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The world wide use of robots and the application of robotics science is not a new phenomenon. Over two centuries ago, more than 70% of Americans worked at farms. With the rapid change in technology during the period of the Industrial Revolution, a new era began; The Age of Robots. A robot is a virtual or mechanical artificial being that is controlled by a computer program or electronic circuitry. The technology that deals with the construction, application and operation of robots and their operating computer system is called Robotics. With the advancement in the science of robotics, we have led to the subsequent invention of Artificial Intelligence, i.e. the cognitive abilities to enable the robots to think, understand, observe, make decisions and adapt to their environment the same way as human beings. The most intriguing analysis that arises is that robotics have been a crucial factor on the development of human being because, they are professional in the meticulousness jobs and they help human beings to achieve more, and have a high IQ.
Robotics is professional in the meticulousness jobs. According to Kevin Kelly, is a Senior Maverick at Wired magazine. He co-founded Wired in 1993, in his article “why robots must take over our jobs” Kelly discusses the impact robotics have on our lifestyle. He states that, “Today, robots and automation reduced 1% of our jobs. It is expected that, by the end of this century, robotics will have replaced 70% of human jobs”. With faster speed, better learning capabilities and decision-making abilities and designed for the performance of routine transactions and mechanical work, the machines will make their way from operating in a fully-automated industry to taking on white collar jobs. Therefore, any job requiring tons of paperwork will be taken over by robots, including medicine. Even areas such as surgery are becoming increasingly robotic. Any information-intensive job can be automated. It does not matter what your profession is; the robots will take over! Economist Kenneth Rogoff of Harvard University wrote that, "Since the dawn of industrialization, a recurrent fear has emerged that it will spawn mass technological unemployment." However, this is counter-argued by Jeffrey Sachs and Lauren Kotlikoff who argue that, “What if machines got so smart, that they do not need manual labor to operate?” This would increase productivity, efficiency and create more jobs in millions of other fields. Two points are worth mentioning here, in this regard. Automation, while replacing several jobs, has created millions of new jobs such as appliance repairmen, photographers, engineers, web designers, etc. By the year 2050, it is estimated that the highest-paid jobs for human beings will be created by the robots of those times, as machines create jobs that we did not even know we wanted done. Robots are only doing those jobs that we are unable to do. We do not have the concentration span to inspect every millimeter of every CAT scan for cancer cells. We humans do not have the required power to melt silicone and mold it in a glass shaped bottle. Our memories are not sharp enough for keeping track of every pitch in a game of Baseball and calculate the probability of the next pitch in real time. Consequently, we are only giving those jobs to robots that, are impossible for us to do.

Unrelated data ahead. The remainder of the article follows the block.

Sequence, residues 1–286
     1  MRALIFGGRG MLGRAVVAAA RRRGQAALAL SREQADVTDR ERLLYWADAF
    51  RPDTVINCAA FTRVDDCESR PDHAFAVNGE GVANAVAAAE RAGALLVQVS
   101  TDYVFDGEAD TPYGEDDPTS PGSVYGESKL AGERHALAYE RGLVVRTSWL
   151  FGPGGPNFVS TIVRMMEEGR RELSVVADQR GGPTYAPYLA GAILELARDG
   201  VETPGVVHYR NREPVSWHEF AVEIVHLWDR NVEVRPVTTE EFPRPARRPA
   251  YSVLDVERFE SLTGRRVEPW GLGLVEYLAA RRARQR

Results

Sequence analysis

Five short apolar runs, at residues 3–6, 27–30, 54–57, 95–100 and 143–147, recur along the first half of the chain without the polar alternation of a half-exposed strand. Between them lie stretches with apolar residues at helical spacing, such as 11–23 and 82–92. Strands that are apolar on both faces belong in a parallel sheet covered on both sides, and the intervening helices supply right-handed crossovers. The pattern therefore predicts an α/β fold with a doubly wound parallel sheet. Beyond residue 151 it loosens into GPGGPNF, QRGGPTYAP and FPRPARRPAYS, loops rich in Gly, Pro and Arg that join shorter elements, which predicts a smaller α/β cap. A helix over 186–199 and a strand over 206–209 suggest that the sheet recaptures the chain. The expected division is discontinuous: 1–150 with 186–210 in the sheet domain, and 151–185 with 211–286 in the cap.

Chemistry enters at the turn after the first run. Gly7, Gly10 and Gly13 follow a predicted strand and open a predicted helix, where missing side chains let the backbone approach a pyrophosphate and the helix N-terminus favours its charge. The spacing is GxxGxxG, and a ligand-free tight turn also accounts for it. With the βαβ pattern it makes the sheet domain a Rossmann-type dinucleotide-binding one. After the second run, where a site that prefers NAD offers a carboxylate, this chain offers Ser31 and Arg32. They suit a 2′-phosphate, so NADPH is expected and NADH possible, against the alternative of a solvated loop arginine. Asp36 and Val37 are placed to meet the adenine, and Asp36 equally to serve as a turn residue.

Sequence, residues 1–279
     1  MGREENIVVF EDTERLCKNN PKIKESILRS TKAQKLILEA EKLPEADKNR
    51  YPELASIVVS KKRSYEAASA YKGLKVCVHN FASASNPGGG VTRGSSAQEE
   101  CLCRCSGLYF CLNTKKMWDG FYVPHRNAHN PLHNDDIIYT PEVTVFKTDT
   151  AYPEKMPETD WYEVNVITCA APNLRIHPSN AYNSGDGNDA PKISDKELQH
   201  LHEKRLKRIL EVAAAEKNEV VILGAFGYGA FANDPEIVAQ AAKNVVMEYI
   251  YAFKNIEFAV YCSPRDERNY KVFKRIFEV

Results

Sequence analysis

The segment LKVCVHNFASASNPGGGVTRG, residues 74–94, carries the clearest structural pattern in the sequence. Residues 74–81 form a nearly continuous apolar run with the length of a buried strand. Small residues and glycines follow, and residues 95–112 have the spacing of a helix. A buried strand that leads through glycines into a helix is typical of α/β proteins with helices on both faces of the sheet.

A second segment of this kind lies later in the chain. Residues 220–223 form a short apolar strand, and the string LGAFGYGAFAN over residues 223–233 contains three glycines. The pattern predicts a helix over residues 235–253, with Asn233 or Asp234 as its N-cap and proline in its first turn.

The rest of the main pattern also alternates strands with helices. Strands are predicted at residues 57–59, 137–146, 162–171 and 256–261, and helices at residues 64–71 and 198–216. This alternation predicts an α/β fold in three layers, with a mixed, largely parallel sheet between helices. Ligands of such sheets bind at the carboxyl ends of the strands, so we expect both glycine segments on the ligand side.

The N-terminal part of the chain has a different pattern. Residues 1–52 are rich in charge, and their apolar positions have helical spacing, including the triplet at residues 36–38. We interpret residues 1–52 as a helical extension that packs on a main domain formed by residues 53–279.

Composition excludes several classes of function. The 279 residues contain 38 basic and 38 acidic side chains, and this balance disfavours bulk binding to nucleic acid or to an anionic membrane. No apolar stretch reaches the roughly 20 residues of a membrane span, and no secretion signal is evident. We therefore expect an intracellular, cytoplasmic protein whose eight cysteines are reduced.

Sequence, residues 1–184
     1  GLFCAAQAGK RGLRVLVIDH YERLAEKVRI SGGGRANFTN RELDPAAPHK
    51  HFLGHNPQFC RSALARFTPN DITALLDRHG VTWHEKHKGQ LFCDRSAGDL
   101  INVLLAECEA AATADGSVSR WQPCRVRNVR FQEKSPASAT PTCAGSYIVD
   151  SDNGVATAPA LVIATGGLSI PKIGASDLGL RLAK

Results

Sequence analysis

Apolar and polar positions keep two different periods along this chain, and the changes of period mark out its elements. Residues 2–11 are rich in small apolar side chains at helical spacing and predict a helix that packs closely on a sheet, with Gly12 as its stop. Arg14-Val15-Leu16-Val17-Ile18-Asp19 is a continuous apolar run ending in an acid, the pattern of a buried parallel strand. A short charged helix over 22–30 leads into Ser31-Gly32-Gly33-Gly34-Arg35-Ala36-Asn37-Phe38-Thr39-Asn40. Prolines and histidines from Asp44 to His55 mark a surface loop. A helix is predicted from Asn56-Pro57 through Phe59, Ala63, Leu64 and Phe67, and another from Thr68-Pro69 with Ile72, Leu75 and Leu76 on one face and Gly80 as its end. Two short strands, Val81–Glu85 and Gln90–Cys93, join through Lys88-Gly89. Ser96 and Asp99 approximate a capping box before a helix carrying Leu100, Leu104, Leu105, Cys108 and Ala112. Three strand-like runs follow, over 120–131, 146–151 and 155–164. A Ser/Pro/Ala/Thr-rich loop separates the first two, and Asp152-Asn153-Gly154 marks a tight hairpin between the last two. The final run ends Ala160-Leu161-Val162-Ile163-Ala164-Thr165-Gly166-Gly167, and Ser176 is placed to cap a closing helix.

Nicolas Albery of the Institute of Social Inventions writes that, ``It is likely that, in the next millennium, computers and robots will have a capacity and complexity greater than that of the human brain. With the potential to act malevolently towards us, we humans should, force scientific associations to monitor and control the development of artificial intelligence systems.''
Albery is of the view that robotics would dominate us and that we will not stand a chance against them. However, while robotics may replace human beings, it does not mean that humans will be totally helpless. Technology should be embraced, rather than feared, hated and rejected. It will only develop to help human beings, rather than replacing them. It is argued by Akins Crystal, the writer of "5 Jobs Being Replaced by Robot," that,